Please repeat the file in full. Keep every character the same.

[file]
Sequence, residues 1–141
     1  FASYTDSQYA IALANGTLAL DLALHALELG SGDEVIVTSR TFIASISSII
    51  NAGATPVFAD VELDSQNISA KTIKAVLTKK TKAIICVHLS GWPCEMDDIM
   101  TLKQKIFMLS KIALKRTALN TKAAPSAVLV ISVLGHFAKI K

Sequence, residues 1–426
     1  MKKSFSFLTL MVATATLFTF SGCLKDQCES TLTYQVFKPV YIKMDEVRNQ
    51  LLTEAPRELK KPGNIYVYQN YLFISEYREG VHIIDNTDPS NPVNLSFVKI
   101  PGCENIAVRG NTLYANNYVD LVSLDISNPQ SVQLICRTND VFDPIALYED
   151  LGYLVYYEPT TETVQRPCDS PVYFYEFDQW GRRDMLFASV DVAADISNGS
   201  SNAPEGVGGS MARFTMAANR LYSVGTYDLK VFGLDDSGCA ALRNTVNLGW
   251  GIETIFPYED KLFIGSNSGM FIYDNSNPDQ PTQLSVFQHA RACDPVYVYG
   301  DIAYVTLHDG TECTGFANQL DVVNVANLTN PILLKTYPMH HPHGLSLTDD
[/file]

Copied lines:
Sequence, residues 1–141
     1  FASYTDSQYA IALANGTLAL DLALHALELG SGDEVIVTSR TFIASISSII
    51  NAGATPVFAD VELDSQNISA KTIKAVLTKK TKAIICVHLS GWPCEMDDIM
   101  TLKQKIFMLS KIALKRTALN TKAAPSAVLV ISVLGHFAKI K

Sequence, residues 1–426
     1  MKKSFSFLTL MVATATLFTF SGCLKDQCES TLTYQVFKPV YIKMDEVRNQ
    51  LLTEAPRELK KPGNIYVYQN YLFISEYREG VHIIDNTDPS NPVNLSFVKI
   101  PGCENIAVRG NTLYANNYVD LVSLDISNPQ SVQLICRTND VFDPIALYED
   151  LGYLVYYEPT TETVQRPCDS PVYFYEFDQW GRRDMLFASV DVAADISNGS
   201  SNAPEGVGGS MARFTMAANR LYSVGTYDLK VFGLDDSGCA ALRNTVNLGW
   251  GIETIFPYED KLFIGSNSGM FIYDNSNPDQ PTQLSVFQHA RACDPVYVYG
   301  DIAYVTLHDG TECTGFANQL DVVNVANLTN PILLKTYPMH HPHGLSLTDD